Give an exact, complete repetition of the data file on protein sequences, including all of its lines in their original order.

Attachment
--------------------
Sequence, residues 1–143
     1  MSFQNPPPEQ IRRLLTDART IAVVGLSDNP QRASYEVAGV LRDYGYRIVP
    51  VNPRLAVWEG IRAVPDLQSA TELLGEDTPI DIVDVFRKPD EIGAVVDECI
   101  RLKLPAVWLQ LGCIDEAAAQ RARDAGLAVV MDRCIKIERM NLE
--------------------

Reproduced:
Sequence, residues 1–143
     1  MSFQNPPPEQ IRRLLTDART IAVVGLSDNP QRASYEVAGV LRDYGYRIVP
    51  VNPRLAVWEG IRAVPDLQSA TELLGEDTPI DIVDVFRKPD EIGAVVDECI
   101  RLKLPAVWLQ LGCIDEAAAQ RARDAGLAVV MDRCIKIERM NLE